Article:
Above/Below: Michael Grote, program manager of Architecture for Humanity, in front of the project board, the heart of the center’s design area. Each new home project is tracked in terms of volunteer group assignments, permit and construction status, and funding.

Above: The center’s waiting area.

Above: In the center’s meeting rooms, designers and case managers work out blueprint and funding details with clients.

Above: Executive Director Bill Stallworth attends a Biloxi council meeting and then returns to the center to review construction plans with a GCCDS staffer.

The Hope Center brings together a variety of organizations with different capabilities, forms of authority, and access to expertise. They include, for example, the Gulf Coast Community Design Studio (GCCDS), a not-for-profit organization housed in the center; representatives of the local government; and liaisons with local businesses. Employees based at the center locate grant money to rebuild housing, work with residents to design new homes according to their needs, and coordinate with a variety of volunteer organizations to build those homes. Because the Hope Center has connections to the Biloxi city government, it can help with local building variances and it can clear complex FEMA-related hurdles. For example, it can help people understand the new specifications for “base-flood elevations” that establish how high off the ground a new house must be for protection from flooding. The center employs local contractors (and in the process improves their skills for building storm-resistant housing) and works with retailers such as Home Depot and Lowe’s on programs through which they provide materials in exchange for vouchers. In certain cases, the center asks businesses such as Kohler to donate materials and fixtures.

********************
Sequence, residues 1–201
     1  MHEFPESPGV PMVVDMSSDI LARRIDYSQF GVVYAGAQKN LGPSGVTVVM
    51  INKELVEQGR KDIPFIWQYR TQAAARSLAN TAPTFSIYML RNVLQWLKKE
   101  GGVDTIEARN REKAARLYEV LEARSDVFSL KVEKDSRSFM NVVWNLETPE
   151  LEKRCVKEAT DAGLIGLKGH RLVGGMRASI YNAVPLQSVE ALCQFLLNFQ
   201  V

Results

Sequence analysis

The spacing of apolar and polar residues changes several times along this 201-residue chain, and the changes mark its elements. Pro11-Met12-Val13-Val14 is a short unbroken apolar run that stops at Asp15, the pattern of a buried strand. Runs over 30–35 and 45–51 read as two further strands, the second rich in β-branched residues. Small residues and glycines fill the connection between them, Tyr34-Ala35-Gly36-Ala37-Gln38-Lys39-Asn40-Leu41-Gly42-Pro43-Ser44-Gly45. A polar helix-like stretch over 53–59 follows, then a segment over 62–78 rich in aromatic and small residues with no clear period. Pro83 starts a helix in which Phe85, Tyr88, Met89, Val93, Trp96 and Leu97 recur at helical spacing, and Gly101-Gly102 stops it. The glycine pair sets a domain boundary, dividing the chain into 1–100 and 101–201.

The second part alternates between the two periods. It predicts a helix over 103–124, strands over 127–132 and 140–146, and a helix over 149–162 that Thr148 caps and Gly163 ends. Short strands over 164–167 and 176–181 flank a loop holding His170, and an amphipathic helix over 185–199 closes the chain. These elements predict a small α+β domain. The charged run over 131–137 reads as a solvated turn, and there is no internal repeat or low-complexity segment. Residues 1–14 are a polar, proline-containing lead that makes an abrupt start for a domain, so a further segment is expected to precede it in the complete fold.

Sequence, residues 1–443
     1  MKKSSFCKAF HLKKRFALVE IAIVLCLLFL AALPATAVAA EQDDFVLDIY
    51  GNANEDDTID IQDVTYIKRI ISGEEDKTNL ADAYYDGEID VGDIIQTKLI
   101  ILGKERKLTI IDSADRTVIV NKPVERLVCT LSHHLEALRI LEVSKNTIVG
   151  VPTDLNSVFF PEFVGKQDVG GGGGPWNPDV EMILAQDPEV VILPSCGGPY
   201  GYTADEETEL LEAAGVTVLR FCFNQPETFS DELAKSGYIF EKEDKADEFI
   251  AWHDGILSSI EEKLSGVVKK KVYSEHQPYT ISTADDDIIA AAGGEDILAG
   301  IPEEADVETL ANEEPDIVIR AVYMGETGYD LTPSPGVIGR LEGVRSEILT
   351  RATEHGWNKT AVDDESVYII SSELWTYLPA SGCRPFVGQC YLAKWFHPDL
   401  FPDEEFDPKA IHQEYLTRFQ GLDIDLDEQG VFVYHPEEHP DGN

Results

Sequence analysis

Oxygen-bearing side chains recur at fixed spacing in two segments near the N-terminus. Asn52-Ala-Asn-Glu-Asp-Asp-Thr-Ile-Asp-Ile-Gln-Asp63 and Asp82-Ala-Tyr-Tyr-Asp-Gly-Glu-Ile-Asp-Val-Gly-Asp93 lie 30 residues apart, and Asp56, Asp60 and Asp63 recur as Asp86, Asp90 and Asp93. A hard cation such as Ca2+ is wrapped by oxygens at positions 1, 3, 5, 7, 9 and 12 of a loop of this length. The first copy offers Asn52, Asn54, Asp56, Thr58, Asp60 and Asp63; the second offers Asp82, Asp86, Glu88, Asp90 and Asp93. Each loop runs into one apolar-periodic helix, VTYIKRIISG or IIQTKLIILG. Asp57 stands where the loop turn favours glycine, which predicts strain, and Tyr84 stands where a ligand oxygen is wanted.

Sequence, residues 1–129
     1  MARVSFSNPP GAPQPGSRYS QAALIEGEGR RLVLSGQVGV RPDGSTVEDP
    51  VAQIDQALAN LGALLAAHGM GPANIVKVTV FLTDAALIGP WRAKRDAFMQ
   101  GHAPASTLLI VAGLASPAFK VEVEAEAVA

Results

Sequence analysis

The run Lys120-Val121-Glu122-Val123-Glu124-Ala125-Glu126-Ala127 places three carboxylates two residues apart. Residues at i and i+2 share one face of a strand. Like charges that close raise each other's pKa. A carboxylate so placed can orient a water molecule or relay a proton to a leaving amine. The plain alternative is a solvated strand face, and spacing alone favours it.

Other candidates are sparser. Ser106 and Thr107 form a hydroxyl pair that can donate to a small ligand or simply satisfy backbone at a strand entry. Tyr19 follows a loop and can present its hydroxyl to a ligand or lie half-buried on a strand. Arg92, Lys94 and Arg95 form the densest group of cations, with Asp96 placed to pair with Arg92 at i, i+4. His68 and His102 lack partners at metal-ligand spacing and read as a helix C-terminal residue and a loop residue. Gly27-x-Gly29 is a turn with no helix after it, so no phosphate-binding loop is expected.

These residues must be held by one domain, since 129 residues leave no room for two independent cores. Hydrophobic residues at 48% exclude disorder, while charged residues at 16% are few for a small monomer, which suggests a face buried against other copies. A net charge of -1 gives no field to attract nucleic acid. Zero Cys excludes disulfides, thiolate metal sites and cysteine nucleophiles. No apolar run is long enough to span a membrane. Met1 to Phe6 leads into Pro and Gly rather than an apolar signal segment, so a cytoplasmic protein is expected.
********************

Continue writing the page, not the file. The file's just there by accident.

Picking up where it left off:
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  1. Mark Gerencser, Reginald Van Lee, Fernando Napolitano, and Christopher Kelly, Megacommunities: How Leaders of Government, Business and Non-Profits Can Tackle Today’s Global Challenges Together (Palgrave, 2008): Introduction and in-depth guide to the megacommunity phenomenon.
  2. William Henderson, “Oral History with Mr. William F. Stallworth,” Center for Oral History and Cultural Heritage of the University of Southern Mississippi, F341.5.M57, vol. 747, pt. 2, (introduction and transcript): Life story of a megacommunity leader, recorded in 1999.
  3. Douglas Himberger, David Sulek, and Stephen Krill Jr., “When There Is No Cavalry,” s+b, Autumn 2007: Explains that disaster preparedness can be rehearsed, if there is a megacommunity approach in place.
  4. Jim Lewis, “Battle for Biloxi,” New York Times Magazine, May 21, 2006: A report on East Biloxi in the midst of recovery.
  5. Kate Stohr and Cameron Sinclair, “Rebuilding an American City: A Case Study of Biloxi, MS ,” MP3 audio file: Presentation by the Architecture for Humanity cofounders at the 2007 Aspen Institute Ideas Festival. Also see the Web site.